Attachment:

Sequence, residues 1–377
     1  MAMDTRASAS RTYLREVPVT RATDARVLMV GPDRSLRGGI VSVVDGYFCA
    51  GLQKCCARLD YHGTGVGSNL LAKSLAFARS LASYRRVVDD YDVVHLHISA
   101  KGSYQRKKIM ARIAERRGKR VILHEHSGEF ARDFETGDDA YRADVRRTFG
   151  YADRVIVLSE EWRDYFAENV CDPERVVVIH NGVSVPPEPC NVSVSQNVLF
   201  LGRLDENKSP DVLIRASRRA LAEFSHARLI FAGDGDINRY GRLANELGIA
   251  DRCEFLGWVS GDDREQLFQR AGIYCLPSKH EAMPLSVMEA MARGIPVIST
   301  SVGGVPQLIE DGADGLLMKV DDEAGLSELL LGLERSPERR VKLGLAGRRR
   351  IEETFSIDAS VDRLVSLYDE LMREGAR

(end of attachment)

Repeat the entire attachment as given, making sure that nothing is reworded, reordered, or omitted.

Sequence, residues 1–377
     1  MAMDTRASAS RTYLREVPVT RATDARVLMV GPDRSLRGGI VSVVDGYFCA
    51  GLQKCCARLD YHGTGVGSNL LAKSLAFARS LASYRRVVDD YDVVHLHISA
   101  KGSYQRKKIM ARIAERRGKR VILHEHSGEF ARDFETGDDA YRADVRRTFG
   151  YADRVIVLSE EWRDYFAENV CDPERVVVIH NGVSVPPEPC NVSVSQNVLF
   201  LGRLDENKSP DVLIRASRRA LAEFSHARLI FAGDGDINRY GRLANELGIA
   251  DRCEFLGWVS GDDREQLFQR AGIYCLPSKH EAMPLSVMEA MARGIPVIST
   301  SVGGVPQLIE DGADGLLMKV DDEAGLSELL LGLERSPERR VKLGLAGRRR
   351  IEETFSIDAS VDRLVSLYDE LMREGAR